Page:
For many global firms there is no inherent substitutability between foreign and U.S. operations. Rather, there is an inherent complementarity. For example, even as IBM has been expanding abroad, last year it announced the location of a new service-delivery center in Dubuque, Iowa, where the company expects to create 1,300 new jobs and invest more than $800 million over the next 10 years.

This is true in manufacturing, too. Procter & Gamble calculates that one in five of its U.S. jobs—and two in five in Ohio—depend directly on its global business.

Compared to the rest of the world, U.S. corporate tax rates are sky-high and our system of corporate taxation is highly complex. The current U.S. federal statutory corporate tax rate of 35% is the highest among all 30 Organization for Economic Cooperation and Development countries, far above the OECD average of about 23%. Raise the international tax burden on U.S. multinationals by limiting foreign-tax credits, for example, and you will further reduce their ability to compete abroad. This, in turn, will reduce employment and investment in U.S parent companies.

Making it harder for U.S. multinationals to create U.S. jobs would be bad policy at any time. But it would be especially detrimental now because of how dramatically the private sector of the U.S. economy has contracted in the face of this recession.

Since the slowdown began in December 2007, private-sector payrolls have fallen precipitously. Today there are 2.4 million fewer private-sector jobs than 10 years ago. Moreover, in all four quarters of 2009, gross private-sector investment fell so low that it did not even cover depreciation. For the first time since at least 1947, the U.S. private capital stock shrank throughout an entire year.

The major policy challenge facing the U.S. today is not just to create jobs, but to create high-paying private-sector jobs linked to investment and trade.

Which firms can create these jobs? U.S.-based multinationals. They—along with similarly performing U.S. affiliates of foreign-based multinationals—have long been among the strongest companies in the U.S. economy.

These two groups of firms accounted for the majority of the post-1995 acceleration in U.S. productivity growth, the foundation of rising standards of living for everyone. They tend to create high-paying jobs—27.5 million in 2007.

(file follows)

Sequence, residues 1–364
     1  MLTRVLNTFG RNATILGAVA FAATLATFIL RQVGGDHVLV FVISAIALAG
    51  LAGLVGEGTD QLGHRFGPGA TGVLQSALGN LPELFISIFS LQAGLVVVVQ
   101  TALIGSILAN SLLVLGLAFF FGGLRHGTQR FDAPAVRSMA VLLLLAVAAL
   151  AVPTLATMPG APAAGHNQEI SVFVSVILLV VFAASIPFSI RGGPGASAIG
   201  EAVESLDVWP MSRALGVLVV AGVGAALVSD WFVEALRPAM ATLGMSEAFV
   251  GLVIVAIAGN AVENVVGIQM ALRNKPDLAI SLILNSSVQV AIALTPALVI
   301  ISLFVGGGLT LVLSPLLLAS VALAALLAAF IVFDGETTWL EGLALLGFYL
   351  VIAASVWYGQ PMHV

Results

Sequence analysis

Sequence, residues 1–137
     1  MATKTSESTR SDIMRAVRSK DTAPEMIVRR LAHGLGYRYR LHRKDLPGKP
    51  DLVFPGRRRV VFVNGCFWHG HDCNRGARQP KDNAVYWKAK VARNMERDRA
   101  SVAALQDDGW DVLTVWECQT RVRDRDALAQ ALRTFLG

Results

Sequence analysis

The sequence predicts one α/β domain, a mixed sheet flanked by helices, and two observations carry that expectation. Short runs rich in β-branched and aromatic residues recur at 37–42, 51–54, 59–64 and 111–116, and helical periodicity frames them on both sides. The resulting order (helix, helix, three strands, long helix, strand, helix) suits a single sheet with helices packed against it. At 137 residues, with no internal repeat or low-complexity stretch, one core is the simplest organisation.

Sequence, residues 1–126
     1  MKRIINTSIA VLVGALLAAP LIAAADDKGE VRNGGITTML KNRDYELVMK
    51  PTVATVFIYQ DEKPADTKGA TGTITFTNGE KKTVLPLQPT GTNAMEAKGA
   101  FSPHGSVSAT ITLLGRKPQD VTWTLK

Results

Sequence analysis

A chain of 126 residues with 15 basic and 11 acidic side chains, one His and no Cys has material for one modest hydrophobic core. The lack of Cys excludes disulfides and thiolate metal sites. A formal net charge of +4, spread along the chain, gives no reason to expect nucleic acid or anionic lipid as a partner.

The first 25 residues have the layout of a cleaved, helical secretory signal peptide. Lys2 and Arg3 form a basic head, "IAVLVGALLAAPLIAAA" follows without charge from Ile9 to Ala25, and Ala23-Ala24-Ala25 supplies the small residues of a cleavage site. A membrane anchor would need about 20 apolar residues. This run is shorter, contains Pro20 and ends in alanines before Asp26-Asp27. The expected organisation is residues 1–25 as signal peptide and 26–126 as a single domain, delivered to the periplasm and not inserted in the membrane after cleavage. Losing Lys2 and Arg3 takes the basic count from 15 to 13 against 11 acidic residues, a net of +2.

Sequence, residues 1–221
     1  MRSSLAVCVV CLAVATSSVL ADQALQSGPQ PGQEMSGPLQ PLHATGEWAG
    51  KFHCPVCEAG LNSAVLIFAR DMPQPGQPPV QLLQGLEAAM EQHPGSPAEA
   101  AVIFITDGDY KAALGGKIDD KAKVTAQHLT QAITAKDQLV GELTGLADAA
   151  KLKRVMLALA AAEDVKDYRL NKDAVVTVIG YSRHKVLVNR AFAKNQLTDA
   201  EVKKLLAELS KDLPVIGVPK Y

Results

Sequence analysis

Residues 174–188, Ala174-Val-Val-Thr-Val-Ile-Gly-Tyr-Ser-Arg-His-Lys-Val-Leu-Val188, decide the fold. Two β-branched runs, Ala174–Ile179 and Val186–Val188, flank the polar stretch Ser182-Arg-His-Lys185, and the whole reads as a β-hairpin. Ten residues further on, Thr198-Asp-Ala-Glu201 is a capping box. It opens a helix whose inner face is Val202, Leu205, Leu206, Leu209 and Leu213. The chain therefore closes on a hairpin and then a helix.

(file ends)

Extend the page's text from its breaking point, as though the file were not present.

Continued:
Consider that in 2007, the average compensation per worker in these multinational firms was $65,248—about 20% above the average for all other jobs in the U.S. economy. These firms undertook $665.5 billion in capital investment, which constituted 40.6% of all private-sector nonresidential investment. They exported $731 billion in goods, 62.7% of all U.S. goods exports. And these firms also conducted $240.2 billion in research and development, a remarkable 89.2% of all U.S. private-sector R&D.

To climb out of the recession, we need to create millions of the kinds of jobs that U.S. multinationals tend to create. Economic policy on all fronts should be encouraging job growth by these firms. The proposed international-tax reforms do precisely the opposite.

International trade and investment policies are especially important to these firms. Passing the already negotiated trade agreements with Colombia, Panama and South Korea—and stopping trade barriers against key partners like China—are critical to increasing U.S. exports and related investment and jobs. If we are going to achieve the president’s State of the Union aspiration to “double our exports over the next five years,” we need to start now.

To help close looming fiscal deficits, the nation needs spending restraint and pro-growth sources of tax revenue. But Monday’s proposals are far from that. These tax increases would destroy jobs in some of America’s most dynamic companies.

Mr. Slaughter is associate dean and professor at the Tuck School of Business at Dartmouth, research associate at the National Bureau of Economic Research, and senior fellow at the Council on Foreign Relations. From 2005 to 2007 he served as a member of the White House Council of Economic Advisers.”


Hayek on Economics

“The curious task of economics is to demonstrate to men how little they really know about what they imagine they can design.’’ -F.A. Hayek